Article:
Ghislaine Maxwell sentenced to 20 years for sex trafficking charges

Ghislaine Maxwell
FILE — In this courtroom sketch, Ghislaine Maxwell enters the courtroom escorted by U.S. Marshalls at the start of her trial, Nov. 29, 2021, in New York. Maxwell faces the likelihood of years in prison when she is sentenced for helping the wealthy financier Jeffrey Epstein sexually abuse underage girls. The sentencing hearing, Tuesday, June 28, 2022, in New York will be the culmination of a prosecution that detailed how Epstein and Maxwell flaunted their riches and associations with prominent people to groom vulnerable girls and then exploit them. (AP Photo/Elizabeth Williams, File) Elizabeth Williams/AP

Ghislaine Maxwell sentenced to 20 years for sex trafficking charges

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Ghislaine Maxwell has been sentenced to 20 years in prison for her role in facilitating former financier Jeffrey Epstein‘s abuse of several underage girls.

Maxwell, the former Epstein girlfriend and confidante, was found guilty on five counts, including “transporting a minor for the purposes of criminal sexual activity,” “conspiring to entice minors to travel to engage in illegal sex acts,” and perjury related to statements she made in 2016. The former Epstein associate said that meeting the millionaire was the “biggest regret” of her life.

“Jeffrey Epstein should have stood before you. In 2005. In 2009. And again in 2019,” Maxwell said during her appearance in court. “But today, it is for me to be sentenced.”

“I am sorry for the pain you have experienced. I hope my conviction and harsh incarceration brings you peace and finality,” Maxwell said. “I hope this date brings a terrible chapter to the end.”


While some viewed Maxwell’s trial as a proxy for Epstein’s, the judge stated that her punishment did not reflect that.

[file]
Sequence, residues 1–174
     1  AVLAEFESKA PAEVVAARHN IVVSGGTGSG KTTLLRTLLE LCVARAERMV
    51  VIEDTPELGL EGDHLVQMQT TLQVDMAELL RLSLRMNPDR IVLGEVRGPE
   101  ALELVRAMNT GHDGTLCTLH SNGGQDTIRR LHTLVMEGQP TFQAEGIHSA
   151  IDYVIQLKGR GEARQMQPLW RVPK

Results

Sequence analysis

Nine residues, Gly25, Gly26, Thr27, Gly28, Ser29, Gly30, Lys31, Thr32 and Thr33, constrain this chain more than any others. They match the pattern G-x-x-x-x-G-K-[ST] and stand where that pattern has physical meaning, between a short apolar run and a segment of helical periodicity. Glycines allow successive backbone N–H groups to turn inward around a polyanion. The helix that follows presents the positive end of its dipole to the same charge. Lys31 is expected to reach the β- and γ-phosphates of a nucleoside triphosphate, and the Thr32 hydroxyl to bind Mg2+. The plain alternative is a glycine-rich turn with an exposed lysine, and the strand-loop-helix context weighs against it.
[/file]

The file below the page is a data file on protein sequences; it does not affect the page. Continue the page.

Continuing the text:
“Ms. Maxwell is not being punished as a proxy of Epstein, but rather for her role in the criminal conduct,” the judge said. “She participated in some of the abuse. Her conduct was heinous and predatory.”

Multiple victims of Epstein released statements during the hearing, according to the Independent. Eight of the statements were pre-released by the victims, including Virginia Giuffre and Annie Farmer.

“I experience flashbacks,” said Giuffre in her statement, elaborating on how Epstein and Maxwell both lured her in with promises of getting her into fashion school. “I am hyper-vigilant and do not trust people easily. I will sometimes start crying for reasons I cannot always comprehend. I’ve been diagnosed with anxiety and PTSD and tendency to self-harm.” The woman noted how she attempted to take her own life twice, stating that “only by the grace of God do I continue to live.”

Maxwell had pleaded not guilty to six criminal counts, but she was found guilty on five of six counts in December 2021.

Her prison sentence has been a point of contention. While prosecutors have pushed for a sentence that was between 30 and 55 years long, Maxwell’s legal team has advocated something shorter, explicitly noting the “onerous and punitive” conditions she lived in, as well as the extensive isolation, the physical search, and “credible” death threats.

Maxwell was placed on suicide watch on Friday, leading her legal team to say that her sentencing should be delayed. Prosecutors later revealed that she was placed on suicide watch after prison staff allegedly threatened to kill her.

Federal prosecutors stated in their memorandum requesting a lengthy prison sentence that Maxwell had an “instrumental role in the horrific sexual abuse of multiple young teenage girls” and that Maxwell enjoyed “a life of extraordinary luxury and privilege” while engaging in a “disturbing agreement” with Epstein.


Epstein was arrested in July 2019 and charged with sex trafficking and conspiracy for allegedly abusing girls as young as 14. He pleaded not guilty to the charges before being found dead in his Manhattan prison cell in August 2019. His death at 66 was ruled a suicide by the New York City Medical Examiner’s Office.

Maxwell’s trial has been treated as a proxy for Epstein due to his 2019 death.

© 2022 Washington Examiner

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